After working with little kids all day, I’m normally exhausted so catch me going to bed early every night, not sorry about it. People in Vietnam normally wake up early anyway, so I like to as well … just not as early as they do. I can hear my neighbors out and about by 5:30 AM. Some breakfast places in my neighborhood are normally closing up shop by the time I leave for work at 7:15 AM if this tells you anything.

The Weekend

9:00 AM

The sunlight normally wakes me up pretty early in the mornings, but I tend to not leave the house until around 9 in the morning. The first thing I do on weekend mornings is take my laundry to get cleaned (exciting, I know).

9:30 AM

In the mornings I’ll go for a long walk, stopping at Phúc Long to get a smoothie and chocolate croissant then head to the park to get a little nature fix in this concrete-filled city. Every time I go to the park, I end up meeting a local or two wanting to practice their English, which gives me the chance to practice my Vietnamese.

A Buddhist temple in Tao Đàn Park.

12:00 PM

Lunch time! My favorite lunch spot so far is Hum Vegetarian in District 1, where I got green curry and rice noodles.

1:00 PM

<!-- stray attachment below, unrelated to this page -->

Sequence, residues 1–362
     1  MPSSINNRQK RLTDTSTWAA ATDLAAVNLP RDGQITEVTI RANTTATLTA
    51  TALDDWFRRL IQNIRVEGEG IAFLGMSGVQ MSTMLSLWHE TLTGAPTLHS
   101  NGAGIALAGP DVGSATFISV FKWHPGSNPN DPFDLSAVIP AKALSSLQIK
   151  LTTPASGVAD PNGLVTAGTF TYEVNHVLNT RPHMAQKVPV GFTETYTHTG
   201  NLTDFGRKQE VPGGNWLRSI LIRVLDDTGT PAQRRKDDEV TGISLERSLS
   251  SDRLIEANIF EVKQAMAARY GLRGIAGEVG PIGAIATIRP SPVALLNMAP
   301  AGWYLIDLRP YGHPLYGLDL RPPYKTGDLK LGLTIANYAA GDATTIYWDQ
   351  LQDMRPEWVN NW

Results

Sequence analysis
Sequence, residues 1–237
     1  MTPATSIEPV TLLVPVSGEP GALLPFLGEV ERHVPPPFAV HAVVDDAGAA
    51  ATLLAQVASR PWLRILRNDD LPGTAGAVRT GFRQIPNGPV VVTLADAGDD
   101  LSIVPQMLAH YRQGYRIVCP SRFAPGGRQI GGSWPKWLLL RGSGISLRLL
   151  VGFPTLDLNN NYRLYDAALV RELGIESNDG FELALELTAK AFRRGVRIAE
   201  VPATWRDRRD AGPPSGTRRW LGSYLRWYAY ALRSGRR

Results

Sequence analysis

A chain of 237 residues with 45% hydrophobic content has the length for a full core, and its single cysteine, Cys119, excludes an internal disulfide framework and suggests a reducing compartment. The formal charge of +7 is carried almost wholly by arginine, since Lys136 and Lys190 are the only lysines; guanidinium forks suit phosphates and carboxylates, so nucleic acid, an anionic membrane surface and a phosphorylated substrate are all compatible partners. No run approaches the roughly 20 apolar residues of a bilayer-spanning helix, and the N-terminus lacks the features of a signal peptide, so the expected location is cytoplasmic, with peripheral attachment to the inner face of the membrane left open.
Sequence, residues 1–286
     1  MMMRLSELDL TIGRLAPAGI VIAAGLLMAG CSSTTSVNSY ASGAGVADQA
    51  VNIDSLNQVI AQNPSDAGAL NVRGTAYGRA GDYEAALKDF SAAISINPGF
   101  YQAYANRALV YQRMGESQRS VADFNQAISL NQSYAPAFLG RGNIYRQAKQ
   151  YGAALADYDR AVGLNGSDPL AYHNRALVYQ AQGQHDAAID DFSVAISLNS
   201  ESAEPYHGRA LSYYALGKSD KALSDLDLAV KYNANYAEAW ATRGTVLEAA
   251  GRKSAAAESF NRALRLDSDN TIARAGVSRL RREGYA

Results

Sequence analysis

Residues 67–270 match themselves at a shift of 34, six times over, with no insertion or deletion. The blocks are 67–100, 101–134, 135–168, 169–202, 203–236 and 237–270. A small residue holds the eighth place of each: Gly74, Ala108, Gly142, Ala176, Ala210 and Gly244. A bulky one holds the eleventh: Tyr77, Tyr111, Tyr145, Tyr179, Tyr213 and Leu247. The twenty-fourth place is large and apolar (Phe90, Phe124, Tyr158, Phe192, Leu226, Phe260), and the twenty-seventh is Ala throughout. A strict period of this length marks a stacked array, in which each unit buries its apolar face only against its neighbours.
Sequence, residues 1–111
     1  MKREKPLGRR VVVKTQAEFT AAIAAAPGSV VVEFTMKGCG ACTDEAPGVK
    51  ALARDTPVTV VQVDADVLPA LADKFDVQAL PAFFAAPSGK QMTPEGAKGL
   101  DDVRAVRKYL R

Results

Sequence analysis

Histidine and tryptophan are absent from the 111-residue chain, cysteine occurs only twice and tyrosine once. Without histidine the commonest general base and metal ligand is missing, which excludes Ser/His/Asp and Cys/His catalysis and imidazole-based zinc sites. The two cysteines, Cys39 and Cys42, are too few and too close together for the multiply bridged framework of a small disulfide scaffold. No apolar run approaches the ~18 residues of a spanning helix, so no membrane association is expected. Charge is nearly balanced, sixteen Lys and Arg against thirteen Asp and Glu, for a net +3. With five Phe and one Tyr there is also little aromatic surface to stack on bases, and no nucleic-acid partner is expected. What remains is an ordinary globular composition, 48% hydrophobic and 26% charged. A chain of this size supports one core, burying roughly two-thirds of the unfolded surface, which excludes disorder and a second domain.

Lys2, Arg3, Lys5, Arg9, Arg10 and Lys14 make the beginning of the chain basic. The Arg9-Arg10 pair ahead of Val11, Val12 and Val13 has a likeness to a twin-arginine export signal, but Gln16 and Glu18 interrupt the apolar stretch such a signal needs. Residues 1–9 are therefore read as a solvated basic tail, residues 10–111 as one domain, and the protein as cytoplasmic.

Around this time, I’ll try to do something more intriguing. A few things that I’ve spent my days doing is going to the War Remnants Museum, visiting temples in District 5, and going to a spa with an infinity pool in District 7.

Thiên Hậu temple in District 5.

3:00 PM

With no shame at all, there is always a part of my day that will be dedicated to some coffee shop time. Vietnam’s coffee culture is out-of-this-world so you can’t not go to a coffee shop every day. I always go to my favorite place to get work done on the weekends, The Running Bean.

6:00 PM

My favorite time of the day – dinner time! I normally eat dirt cheap throughout the week, so I like to treat myself to nice meals on the weekend. One of my favorite finds so far is VO Rooftop Garden. The food is superb, the aesthetic is on point, there’s a nice view of Nguyễn Huệ Walking Street, and it’s decently priced for the location. A few weeks ago though, Ngân (a woman who owns a laundry shop in my neighborhood) invited my roommates and I over for a home-cooked Vietnamese meal with her, her family, and some friends.

Having dinner at Ngân’s home.
The dinner she prepared for us. She even made a ton of vegetarian food for Mima and I.

7:30 PM

My weekend nights are always different, but mainly consist of doing something in District 1 or 2. Right now it’s soccer season, so on game days there will be huge screens set up on the square of Nguyễn Huệ for people to sit and watch (it gets CRAZY – the Vietnamese don’t play around about their soccer). Some other things I have spent my weekend nights doing are going to rooftop bars, hitting up Bùi Viện (my feelings for Bùi Viện are bittersweet but I’ll spare you), going to a Sofar Sounds show, the movies, and more.

After Vietnam beat Malaysia and won the AFF!

There you have it, a day (or two) in the life of an English teacher in Ho Chi Minh City, Vietnam!

Until next time,